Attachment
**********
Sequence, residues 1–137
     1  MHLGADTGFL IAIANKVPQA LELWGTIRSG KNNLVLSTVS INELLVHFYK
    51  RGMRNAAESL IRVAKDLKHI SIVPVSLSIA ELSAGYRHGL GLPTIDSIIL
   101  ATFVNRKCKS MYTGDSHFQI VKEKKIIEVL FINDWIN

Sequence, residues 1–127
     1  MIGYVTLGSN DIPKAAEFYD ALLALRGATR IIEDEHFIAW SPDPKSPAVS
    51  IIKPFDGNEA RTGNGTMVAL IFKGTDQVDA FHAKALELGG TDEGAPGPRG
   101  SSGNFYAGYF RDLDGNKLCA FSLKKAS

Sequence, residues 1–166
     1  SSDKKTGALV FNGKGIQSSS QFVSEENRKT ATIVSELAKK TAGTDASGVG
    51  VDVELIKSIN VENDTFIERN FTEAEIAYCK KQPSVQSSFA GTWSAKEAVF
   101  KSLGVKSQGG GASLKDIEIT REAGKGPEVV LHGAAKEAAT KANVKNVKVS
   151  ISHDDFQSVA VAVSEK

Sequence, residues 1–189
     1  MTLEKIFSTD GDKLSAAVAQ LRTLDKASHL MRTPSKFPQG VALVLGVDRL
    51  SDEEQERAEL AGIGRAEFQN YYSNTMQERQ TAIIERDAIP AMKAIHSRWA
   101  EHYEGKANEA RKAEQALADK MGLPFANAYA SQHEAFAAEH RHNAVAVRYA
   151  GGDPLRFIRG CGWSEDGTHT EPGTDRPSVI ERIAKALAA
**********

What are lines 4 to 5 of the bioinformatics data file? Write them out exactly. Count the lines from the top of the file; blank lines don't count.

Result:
   101  ATFVNRKCKS MYTGDSHFQI VKEKKIIEVL FINDWIN

Sequence, residues 1–127